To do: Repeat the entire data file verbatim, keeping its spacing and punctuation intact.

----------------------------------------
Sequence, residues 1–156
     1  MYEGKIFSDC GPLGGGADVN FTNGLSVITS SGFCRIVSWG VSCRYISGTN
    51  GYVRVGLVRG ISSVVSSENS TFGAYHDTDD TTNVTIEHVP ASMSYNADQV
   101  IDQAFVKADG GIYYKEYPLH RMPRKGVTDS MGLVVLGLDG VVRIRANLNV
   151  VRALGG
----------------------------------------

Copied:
Sequence, residues 1–156
     1  MYEGKIFSDC GPLGGGADVN FTNGLSVITS SGFCRIVSWG VSCRYISGTN
    51  GYVRVGLVRG ISSVVSSENS TFGAYHDTDD TTNVTIEHVP ASMSYNADQV
   101  IDQAFVKADG GIYYKEYPLH RMPRKGVTDS MGLVVLGLDG VVRIRANLNV
   151  VRALGG